Albert Ip on Learning Objects

Albert totally nails it in his post on the Learning Objects "debate". Basically - get over it. Move along. Do (and use) whatever is appropriate to what you're trying to do. One size does not fit all. Caveat emptor, etc...

I especially like his tips for subscribers to "information transfer" vs. "social constructivitistic" paradigms of learning objects (and, I would suggest, of learning in general).

But wait! There's more! Albert offers a website/wiki on "virtual apparatus", which appears to be a set of guidelines for creating content in a consistent manner (did I interpret that right?).

We've been talking about "learning objects" a lot around the software side of the Learning Commons over the last few weeks. We've been sort of stuck in discussion, tripping over the concept of "reusability" - there's the technical reusability (interoperability, via things like IEEE LOM, SCORM etc...) - and then there's pedagogical reusability (dealing with the content itself, and not the transport/interchange format used to squirt it over the 'net).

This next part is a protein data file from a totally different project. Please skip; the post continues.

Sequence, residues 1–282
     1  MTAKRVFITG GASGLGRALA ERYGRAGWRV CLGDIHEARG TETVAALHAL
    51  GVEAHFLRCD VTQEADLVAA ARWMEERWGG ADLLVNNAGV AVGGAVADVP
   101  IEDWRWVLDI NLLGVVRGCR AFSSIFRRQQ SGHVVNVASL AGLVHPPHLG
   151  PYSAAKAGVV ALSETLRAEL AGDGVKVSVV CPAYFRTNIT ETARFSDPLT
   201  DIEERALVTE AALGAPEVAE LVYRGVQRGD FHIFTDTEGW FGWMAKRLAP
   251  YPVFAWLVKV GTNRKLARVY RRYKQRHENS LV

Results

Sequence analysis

In our discussions, we're trying to plan out what we want to accomplish over the next year or so - what software needs to be built to achieve the goals we set (once we set the goals, of course). It's been interesting, if frustrating, but I think we're making progress as we start to realize we're all talking about essentially the same thing - just coming at it from different angles (pedagogical vs. technical reusability).

So, there's a pretty solid example that the definition of "learning objects" - and the implications that come with it - can be confusing or misleading even within a small team. No wonder there hasn't been any real consensus in the education community as a whole...

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